Natomas School Board Race: Planning for Growth

THE NATOMAS BUZZ | @natomasbuzz


THE NATOMAS BUZZ invited the five candidates running for the Natomas Unified school board to participate in a series of articles wherein they answer questions submitted by readers. Today’s question asked,

“How do you think the school district should approach new growth and new families who will be moving into Natomas? Do you support enforcing home school boundaries, expanding existing school sites or building new campuses?”

Here are the answers submitted by the deadline, in the order they were received:

I support Measure L, as it will help the district build new facilities and make much-needed renovations to existing schools. Given my background as an Engineer and Construction Manager for Sacramento County, I deeply understand the unique challenges facing school construction and maintenance. As your Trustee, I’ll demand the district implement accountability measures to ensure taxpayer dollars are spent efficiently in order to meet our enrollment needs. Natomas Unified is a district of choice. It’s critical for parents to have access to plain and simple information on the district’s enrollment rules. The non-partisan Legislative Analyst’s Office recently issued a report that shows 27 percent of participating transfer students come from low–income families. Regarding home school boundaries, our policies should be inclusive, balanced, and focused on student need. Natomas unified offers multiple instructional pathways that may benefit underserved populations and we must keep these options open for our students.

At a minimum, NUSD must develop a plan ensuring our schools have smaller state-mandated class sizes. That means enforcing maximums where necessary, and building to accommodate more students at those impacted sites, either through new campuses or expansion. But follow the plan and don’t give the property to a charter school when we need it for students whose parents want them at a public school. We must equalize the number of students at NHS and IHS as a priority, which means a mix of enforcing home boundaries as well as placing where space is available. As we approach a true surplus of HS students, then we need to plan a build for a new HS, not before. And we need a middle school in South Natomas; there is no legitimate excuse for turning a public school into a charter and then mismanaging NGMS into oblivion.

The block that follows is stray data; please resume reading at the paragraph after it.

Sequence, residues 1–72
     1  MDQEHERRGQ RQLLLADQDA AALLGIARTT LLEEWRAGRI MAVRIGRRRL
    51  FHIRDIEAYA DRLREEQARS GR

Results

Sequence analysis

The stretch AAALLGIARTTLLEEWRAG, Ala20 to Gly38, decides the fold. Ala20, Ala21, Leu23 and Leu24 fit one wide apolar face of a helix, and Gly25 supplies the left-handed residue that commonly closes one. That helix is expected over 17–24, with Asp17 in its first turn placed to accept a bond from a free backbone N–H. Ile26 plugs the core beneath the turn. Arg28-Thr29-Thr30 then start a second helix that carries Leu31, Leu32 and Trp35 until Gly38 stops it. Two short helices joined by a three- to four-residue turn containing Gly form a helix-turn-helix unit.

On the ballot, this November is Measure L, Natomas Unified’s bond. I urge you to vote yes. With our past bonds we’ve managed our bond money conservatively and maximized tax dollars to benefit all our children and will do so again with Measure L. This bond will allow the District to build a permanent campus for Paso Verde School, upgrade classrooms, increase safety, expand access to technology, build two-story buildings on American Lakes and Jefferson to grow into K-8 schools, among many other items. As your board member, by passing a Facility Master Plan (visit which sets forth our plan to accommodate growth, I’m looking to the future and planning accordingly. Our plan strives to create safe and welcoming learning environment where students attend and are connected to their schools. I support this plan and Measure L. If you have questions, don’t hesitate to email me at [email protected].

We’re already well underway with a 5-year facilities masterplan and Measure L which will help provide the funding needed to build necessary classrooms and new schools. We have begun construction planning for our next new school, Paso Verde, and adding buildings at existing sites. As in the past, we are also modernizing all of our existing campuses and will need families to be flexible on boundary modifications as we grow. We currently allow parents to choose any site that has room for their students but must sometimes limit new enrollments when a school is full. I support maintaining that practice. This allows parents to send students to particular programs that best suit their children. Natomas’ compact nature allows access to different programs that focus on career tech, dual language, International Baccalaureate and more. I will continue to offer opportunities for students in facilities that express the importance of learning.

What we can do & how we are able to do it will depend a lot on whether Measure L passes or not. I would like to see the city lean on developers to help more with funding schools for the neighborhoods they’re building. We are going to need to keep investing in building new schools, we must catch up and prepare for growth as we are building single-family homes at such a fast rate it will greatly impact our schools. The three most popular ways to prepare for growth are portables, build new schools & redraw boundaries. The later can be problematic as we have the most diverse district in the state, we want to avoid classism or segregation at our schools. The lines are invisible, but the effects are very real. Expanding campuses to K-8th or 6th-12th is another option to explore.

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